My thanks to NetGalley and Another World Press for giving me a copy of this book in exchange for an honest review.
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I read this for a blog tour, and am so glad I found it! Such a fun read and I loved the magic and characters in this story!
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What an amazing book! Magic is in the world and only the selected few are allowed to use it. For the others they must fight for it. 
      After graduating highschool those with strong talents are supposed to go on to college where they can develop their magic. Everyone else has two choices; allow their magic to be taken or enter a contest that can be deadly. 
       A book about friendship and finding the strength inside.
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Ruthless Magic was a really nice surprise for me – a pretty little gem I found on Netgalley. I started the book with no expectations and ended up liking it a lot. The story has a dystopian feel to it but I lean more towards it being YA Fantasy. Magic is now a fact of the world since mages have come out. They now live among humans with their own separate culture, following the laws set by the Confederation. The authority and strict ruling of the Confederation is what gives the story that dystopian feel.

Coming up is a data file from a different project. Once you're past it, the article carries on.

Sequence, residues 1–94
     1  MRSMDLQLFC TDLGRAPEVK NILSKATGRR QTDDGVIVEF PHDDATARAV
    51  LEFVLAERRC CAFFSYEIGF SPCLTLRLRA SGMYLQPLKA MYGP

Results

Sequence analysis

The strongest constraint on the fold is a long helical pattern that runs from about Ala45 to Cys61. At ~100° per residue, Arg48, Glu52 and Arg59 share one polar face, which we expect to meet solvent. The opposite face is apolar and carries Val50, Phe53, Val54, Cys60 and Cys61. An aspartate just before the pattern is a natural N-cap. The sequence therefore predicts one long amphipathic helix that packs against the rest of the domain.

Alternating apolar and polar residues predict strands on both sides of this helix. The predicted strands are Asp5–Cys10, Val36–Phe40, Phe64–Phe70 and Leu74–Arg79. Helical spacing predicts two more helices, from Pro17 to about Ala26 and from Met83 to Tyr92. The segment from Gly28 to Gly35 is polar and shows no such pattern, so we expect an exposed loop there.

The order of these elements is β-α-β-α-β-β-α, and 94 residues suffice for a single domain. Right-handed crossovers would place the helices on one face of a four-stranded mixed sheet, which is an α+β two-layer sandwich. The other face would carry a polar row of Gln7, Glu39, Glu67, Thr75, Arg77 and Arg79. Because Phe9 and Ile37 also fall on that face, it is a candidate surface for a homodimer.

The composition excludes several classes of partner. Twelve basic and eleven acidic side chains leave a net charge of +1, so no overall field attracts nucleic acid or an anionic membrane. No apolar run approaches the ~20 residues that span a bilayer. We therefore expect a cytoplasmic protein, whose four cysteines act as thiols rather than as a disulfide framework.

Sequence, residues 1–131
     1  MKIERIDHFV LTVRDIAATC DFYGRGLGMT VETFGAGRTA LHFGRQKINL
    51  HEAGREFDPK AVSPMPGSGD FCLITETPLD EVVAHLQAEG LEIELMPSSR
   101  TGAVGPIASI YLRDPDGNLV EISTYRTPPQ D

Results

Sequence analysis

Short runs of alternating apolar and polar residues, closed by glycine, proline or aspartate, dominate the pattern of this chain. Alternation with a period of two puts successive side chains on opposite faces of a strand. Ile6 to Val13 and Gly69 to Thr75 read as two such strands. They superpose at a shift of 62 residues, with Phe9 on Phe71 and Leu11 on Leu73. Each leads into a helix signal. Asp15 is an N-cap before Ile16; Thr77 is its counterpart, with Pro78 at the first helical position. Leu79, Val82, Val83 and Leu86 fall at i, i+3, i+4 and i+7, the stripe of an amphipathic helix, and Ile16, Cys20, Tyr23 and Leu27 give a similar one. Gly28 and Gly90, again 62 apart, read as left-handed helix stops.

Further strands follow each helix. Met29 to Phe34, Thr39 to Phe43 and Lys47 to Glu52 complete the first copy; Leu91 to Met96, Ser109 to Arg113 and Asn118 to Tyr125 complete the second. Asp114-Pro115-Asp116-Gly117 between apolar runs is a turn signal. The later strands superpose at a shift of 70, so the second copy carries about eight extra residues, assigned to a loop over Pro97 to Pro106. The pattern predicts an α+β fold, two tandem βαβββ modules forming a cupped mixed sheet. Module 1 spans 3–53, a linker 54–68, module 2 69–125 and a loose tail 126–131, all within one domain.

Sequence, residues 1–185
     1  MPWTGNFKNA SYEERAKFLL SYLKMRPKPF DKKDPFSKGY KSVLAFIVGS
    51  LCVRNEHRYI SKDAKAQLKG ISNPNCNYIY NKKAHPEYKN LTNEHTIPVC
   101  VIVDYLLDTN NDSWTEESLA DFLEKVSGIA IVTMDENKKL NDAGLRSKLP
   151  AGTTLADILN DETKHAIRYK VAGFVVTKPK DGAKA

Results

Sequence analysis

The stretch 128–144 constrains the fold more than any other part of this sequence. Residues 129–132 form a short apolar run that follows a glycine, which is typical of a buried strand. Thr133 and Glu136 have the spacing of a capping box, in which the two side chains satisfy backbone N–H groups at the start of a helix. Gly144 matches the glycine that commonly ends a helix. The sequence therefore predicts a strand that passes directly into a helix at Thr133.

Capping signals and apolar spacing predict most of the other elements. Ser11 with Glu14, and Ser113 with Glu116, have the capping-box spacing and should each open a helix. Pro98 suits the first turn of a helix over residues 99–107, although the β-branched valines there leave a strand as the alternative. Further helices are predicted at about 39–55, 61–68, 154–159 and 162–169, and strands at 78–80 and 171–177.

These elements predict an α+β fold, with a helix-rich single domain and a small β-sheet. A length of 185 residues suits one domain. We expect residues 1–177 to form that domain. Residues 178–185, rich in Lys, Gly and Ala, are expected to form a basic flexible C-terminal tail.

Finn and Rocío have both chosen to undertake the brutal Mage exam and by “brutal”, I mean the exam is violent, cruel, absolutely ruthless. This part has a distinct Hunger Games feel to it that wasn’t bad. I liked the main characters, Finn and Rocío, a lot and the story was written in such a way that I was able to connect with both of them—to sympathize with their plights, understand their motives and reasoning behind their choices.